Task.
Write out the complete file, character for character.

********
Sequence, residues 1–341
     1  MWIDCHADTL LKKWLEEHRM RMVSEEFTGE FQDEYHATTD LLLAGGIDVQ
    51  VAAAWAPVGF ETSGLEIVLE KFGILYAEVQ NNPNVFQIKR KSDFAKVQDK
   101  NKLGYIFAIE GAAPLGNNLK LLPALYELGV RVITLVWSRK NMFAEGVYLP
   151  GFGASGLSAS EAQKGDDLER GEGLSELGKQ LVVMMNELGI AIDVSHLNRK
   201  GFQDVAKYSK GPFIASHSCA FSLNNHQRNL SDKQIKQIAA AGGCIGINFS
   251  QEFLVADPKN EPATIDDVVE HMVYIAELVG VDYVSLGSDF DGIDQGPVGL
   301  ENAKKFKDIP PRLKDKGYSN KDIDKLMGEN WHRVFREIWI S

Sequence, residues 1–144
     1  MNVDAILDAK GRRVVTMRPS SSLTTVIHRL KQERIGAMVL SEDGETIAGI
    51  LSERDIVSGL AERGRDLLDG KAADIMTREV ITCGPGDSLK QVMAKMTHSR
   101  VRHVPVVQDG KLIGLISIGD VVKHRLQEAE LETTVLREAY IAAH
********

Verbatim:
Sequence, residues 1–341
     1  MWIDCHADTL LKKWLEEHRM RMVSEEFTGE FQDEYHATTD LLLAGGIDVQ
    51  VAAAWAPVGF ETSGLEIVLE KFGILYAEVQ NNPNVFQIKR KSDFAKVQDK
   101  NKLGYIFAIE GAAPLGNNLK LLPALYELGV RVITLVWSRK NMFAEGVYLP
   151  GFGASGLSAS EAQKGDDLER GEGLSELGKQ LVVMMNELGI AIDVSHLNRK
   201  GFQDVAKYSK GPFIASHSCA FSLNNHQRNL SDKQIKQIAA AGGCIGINFS
   251  QEFLVADPKN EPATIDDVVE HMVYIAELVG VDYVSLGSDF DGIDQGPVGL
   301  ENAKKFKDIP PRLKDKGYSN KDIDKLMGEN WHRVFREIWI S

Sequence, residues 1–144
     1  MNVDAILDAK GRRVVTMRPS SSLTTVIHRL KQERIGAMVL SEDGETIAGI
    51  LSERDIVSGL AERGRDLLDG KAADIMTREV ITCGPGDSLK QVMAKMTHSR
   101  VRHVPVVQDG KLIGLISIGD VVKHRLQEAE LETTVLREAY IAAH